Handing out pink slips while mouthing words of remorse does not take away the trauma faced by employees, though it might help assuage the guilt that start-up founders experience while laying off people.
That seems to be what Byju Raveendran, founder and chief executive officer (CEO) of India's most valued edtech sector Byju's was trying to achieve when he explained his contrition over "rationalising" the workforce.
In a mail to employees, he wrote, “I am truly sorry to those who will have to leave Byju’s. You are not just a name to me, You are not a number. You are not just five percent of my company, you are five percent of me,”
The edtech undertook this latest round of layoffs to cut down the company’s costs at a time when funding is drying up and people are moving away from online educational programs to offline schooling.
In an emotional farewell message to employees, Raveendran also hinted towards a possible restructuring of the company, which may lead to re-hire the terminated staff. Multiple sources reported that he has asked the company's human resources team to find new job roles for terminated employees.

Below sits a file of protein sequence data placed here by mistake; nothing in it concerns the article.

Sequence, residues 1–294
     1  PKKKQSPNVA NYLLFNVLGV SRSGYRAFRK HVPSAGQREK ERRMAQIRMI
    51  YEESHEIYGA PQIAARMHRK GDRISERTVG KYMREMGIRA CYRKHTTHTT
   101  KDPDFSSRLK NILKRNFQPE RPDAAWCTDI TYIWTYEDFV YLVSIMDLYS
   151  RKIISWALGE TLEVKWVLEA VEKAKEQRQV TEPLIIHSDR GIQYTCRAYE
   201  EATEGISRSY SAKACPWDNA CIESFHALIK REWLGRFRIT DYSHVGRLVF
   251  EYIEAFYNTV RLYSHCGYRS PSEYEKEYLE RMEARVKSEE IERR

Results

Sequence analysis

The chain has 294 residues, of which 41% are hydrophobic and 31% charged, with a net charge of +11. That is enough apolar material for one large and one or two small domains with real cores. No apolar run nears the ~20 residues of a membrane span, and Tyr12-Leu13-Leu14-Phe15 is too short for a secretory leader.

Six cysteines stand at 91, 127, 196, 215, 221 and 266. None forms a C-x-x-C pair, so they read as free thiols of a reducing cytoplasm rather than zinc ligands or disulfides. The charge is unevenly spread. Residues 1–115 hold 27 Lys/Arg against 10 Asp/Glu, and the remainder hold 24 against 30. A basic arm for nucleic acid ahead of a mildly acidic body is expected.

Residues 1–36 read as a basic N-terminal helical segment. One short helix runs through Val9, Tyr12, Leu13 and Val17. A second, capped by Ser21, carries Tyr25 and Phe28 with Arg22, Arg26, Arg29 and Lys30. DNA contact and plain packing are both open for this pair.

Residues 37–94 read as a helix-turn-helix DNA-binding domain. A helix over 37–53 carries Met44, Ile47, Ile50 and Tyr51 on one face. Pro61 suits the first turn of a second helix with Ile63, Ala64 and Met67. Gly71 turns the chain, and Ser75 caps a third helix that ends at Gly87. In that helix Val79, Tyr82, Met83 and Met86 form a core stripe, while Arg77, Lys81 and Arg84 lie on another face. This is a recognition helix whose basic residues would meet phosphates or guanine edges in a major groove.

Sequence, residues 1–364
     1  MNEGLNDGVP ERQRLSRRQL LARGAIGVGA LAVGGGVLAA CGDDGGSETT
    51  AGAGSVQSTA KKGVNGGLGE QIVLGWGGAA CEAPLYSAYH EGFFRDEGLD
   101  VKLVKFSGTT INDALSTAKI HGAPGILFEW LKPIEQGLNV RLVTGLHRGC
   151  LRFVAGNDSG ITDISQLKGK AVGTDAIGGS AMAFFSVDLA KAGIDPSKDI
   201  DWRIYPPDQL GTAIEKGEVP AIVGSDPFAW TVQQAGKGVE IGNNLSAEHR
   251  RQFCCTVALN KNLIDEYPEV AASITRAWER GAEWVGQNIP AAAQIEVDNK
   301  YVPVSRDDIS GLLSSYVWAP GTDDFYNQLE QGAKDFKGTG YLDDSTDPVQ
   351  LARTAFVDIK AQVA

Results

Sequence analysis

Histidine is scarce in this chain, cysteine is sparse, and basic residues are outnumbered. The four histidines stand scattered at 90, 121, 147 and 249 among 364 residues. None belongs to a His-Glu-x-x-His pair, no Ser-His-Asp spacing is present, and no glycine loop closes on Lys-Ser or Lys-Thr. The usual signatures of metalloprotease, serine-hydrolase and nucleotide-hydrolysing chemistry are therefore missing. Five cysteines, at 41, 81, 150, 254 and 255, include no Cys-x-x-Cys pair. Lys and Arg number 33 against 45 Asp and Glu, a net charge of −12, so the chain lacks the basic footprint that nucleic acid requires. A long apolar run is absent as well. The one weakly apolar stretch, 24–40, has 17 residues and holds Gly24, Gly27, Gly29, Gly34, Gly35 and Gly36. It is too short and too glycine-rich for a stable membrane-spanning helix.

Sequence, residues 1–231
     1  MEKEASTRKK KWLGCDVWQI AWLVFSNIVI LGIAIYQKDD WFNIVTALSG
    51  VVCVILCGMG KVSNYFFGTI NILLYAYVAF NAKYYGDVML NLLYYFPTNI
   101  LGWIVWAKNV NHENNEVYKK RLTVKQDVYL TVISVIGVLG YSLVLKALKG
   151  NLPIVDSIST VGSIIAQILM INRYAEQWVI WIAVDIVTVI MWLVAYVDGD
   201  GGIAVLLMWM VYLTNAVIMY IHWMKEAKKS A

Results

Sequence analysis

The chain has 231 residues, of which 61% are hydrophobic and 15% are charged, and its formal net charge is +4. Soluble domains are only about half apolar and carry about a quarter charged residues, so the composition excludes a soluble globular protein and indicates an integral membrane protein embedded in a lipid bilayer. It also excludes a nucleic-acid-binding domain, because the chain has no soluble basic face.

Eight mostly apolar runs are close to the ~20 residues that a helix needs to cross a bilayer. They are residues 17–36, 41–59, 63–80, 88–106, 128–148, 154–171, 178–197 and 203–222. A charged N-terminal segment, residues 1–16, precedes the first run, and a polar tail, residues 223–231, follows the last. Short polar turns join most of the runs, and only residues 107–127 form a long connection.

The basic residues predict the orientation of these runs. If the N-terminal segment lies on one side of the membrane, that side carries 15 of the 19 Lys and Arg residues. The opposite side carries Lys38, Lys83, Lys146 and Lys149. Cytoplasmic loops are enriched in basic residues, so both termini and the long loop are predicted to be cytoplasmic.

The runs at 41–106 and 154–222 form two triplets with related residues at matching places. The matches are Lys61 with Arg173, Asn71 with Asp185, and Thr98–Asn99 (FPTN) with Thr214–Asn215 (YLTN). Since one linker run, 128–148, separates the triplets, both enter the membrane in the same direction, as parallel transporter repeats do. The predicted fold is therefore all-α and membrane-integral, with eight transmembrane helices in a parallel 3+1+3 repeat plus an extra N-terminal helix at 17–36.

Earlier in October, Byju's announced a possible rationalisation of 2,500 workers from its 50,000-strong workforce. The company claimed it had to cut down redundancies as a last-resort effort to stay on the path of profitability.
In the financial year 2020-21, the edtech reported a loss of Rs 4,588.75 crore. However, it justified the massive gap by citing rationalised growth between FY21 and FY20.
Since April 1, 2022, 80,089 start-up employees have lost their jobs, across 624 companies, according to data compiled by layoff tracker, layoffs.fyi. India accounted for 10.4 per cent of these layoffs, with edtech companies in the lead in handing out pink slips. Incidentally, Byju's subsidiary WhiteHat Jr laid off 300 full time employees, while another edtech start-up Toppr fired another 300 earlier this year.